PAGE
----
How Virtual Reality Could Change Alzheimer’s Care
With the advent of virtual reality (also commonly referred to as VR), there has been a lot of talk in tech and entertainment about what this new technology means for their industries. But VR is expected to have a much wider-reaching impact, and is already affecting the way some doctors approach Alzheimer’s care.
“At Visiting Angels, we’re always excited about the promise new technologies hold for our clients and seniors everywhere,” says Larry Meigs, CEO of Visiting Angels. “Anything that makes living easier for seniors, especially those with Alzheimer’s, is always positive.”
VR’s impact can already be seen – albeit, in a limited way – in how a handful of doctors and researchers are diagnosing and treating the disease. Read on to find out how Alzheimer’s care professionals are already using VR and the ways this new technology may affect the future of Alzheimer’s and dementia treatment.
Risk-Detection as Young as Age 18
Alzheimer’s has already become remarkably easier to detect thanks to VR technology. In October of last year, German Alzheimer’s care scientists published a study in which they used a virtual maze to help detect Alzheimer’s. In the study, the scientists tested people between 18 and 30 years old and had them try to navigate a VR maze.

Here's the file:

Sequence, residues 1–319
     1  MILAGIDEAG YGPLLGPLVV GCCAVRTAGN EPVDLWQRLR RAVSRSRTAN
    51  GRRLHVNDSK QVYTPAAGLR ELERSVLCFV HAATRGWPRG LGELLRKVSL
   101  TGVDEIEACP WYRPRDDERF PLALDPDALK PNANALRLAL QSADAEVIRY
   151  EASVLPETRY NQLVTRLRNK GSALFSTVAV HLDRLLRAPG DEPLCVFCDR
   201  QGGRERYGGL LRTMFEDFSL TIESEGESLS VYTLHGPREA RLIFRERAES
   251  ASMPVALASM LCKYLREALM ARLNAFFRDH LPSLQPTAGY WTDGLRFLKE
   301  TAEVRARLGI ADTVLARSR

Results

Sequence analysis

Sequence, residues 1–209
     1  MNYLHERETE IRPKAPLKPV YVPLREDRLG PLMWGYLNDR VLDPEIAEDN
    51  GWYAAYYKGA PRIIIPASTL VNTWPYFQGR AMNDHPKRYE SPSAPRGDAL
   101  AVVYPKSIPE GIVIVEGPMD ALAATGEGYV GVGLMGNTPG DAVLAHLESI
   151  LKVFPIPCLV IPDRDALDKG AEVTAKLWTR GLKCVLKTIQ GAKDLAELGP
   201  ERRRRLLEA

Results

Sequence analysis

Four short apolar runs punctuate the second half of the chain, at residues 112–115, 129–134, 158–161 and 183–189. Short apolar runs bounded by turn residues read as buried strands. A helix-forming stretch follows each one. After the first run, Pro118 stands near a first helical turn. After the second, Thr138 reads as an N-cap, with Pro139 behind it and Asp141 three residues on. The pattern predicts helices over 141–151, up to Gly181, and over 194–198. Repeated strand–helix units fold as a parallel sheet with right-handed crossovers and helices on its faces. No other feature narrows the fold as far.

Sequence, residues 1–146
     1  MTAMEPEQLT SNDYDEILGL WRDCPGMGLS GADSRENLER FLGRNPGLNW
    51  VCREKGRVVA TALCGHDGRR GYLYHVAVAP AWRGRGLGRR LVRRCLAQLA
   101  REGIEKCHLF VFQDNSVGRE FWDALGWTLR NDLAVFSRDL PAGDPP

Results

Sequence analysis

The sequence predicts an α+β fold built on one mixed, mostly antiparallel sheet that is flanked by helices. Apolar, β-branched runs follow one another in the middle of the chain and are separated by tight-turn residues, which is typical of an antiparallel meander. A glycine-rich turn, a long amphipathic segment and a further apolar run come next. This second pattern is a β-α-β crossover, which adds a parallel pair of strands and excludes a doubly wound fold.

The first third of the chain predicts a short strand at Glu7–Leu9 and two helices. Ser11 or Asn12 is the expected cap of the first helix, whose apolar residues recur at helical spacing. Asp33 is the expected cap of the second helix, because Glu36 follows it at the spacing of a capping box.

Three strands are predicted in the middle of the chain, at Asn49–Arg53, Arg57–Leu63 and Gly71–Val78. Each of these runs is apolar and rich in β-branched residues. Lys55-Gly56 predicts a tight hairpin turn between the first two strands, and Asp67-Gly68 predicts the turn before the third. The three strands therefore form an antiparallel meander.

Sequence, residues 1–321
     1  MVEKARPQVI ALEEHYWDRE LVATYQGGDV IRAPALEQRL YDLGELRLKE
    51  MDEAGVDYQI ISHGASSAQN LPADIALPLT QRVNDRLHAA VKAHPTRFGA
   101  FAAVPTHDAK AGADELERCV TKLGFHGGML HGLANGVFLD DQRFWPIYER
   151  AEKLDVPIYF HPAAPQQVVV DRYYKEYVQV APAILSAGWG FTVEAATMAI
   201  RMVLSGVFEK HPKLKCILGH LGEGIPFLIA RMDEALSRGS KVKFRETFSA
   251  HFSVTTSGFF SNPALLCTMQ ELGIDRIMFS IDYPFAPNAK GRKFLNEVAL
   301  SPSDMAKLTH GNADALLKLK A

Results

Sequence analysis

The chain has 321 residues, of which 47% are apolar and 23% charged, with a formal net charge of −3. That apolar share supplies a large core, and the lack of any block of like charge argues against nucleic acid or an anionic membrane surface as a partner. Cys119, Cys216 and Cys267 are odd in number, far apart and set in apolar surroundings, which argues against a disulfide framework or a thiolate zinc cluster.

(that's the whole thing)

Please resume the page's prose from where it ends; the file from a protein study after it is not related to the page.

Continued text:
Amazingly, this test proved successful. Based on how different people moved through the maze, the scientists were able to accurately identify which subjects held genetic markers for Alzheimer’s. This means that with the help of VR, scientists can diagnose high-risk patients as young as 18 years old, allowing families to plan for future Alzheimer’s care.
Virtual Environments Help Treat Patients
VR has already made its way into Alzheimer’s treatment in a handful of trials by leading Alzheimer’s care professionals. One such trial, performed in 2014, used Microsoft Kinect technology to create peaceful scenes – such as a sunlit forest – that Alzheimer’s sufferers were able to interact with.
The Future of VR & Alzheimer’s Care
Since virtual reality is still in its infancy, it is tough to predict exactly how much of an impact this technology will have on Alzheimer’s care. Many people see a lot of potential in VR’s therapeutic uses, and as the technology becomes more widespread, accessible, and affordable, we may see VR play a much bigger role in treatment.
One exciting possibility is the creation of virtual environments that remind Alzheimer’s patients of their childhoods. It may even be possible to create customized environments for individual patients, introducing music or details that are particularly soothing.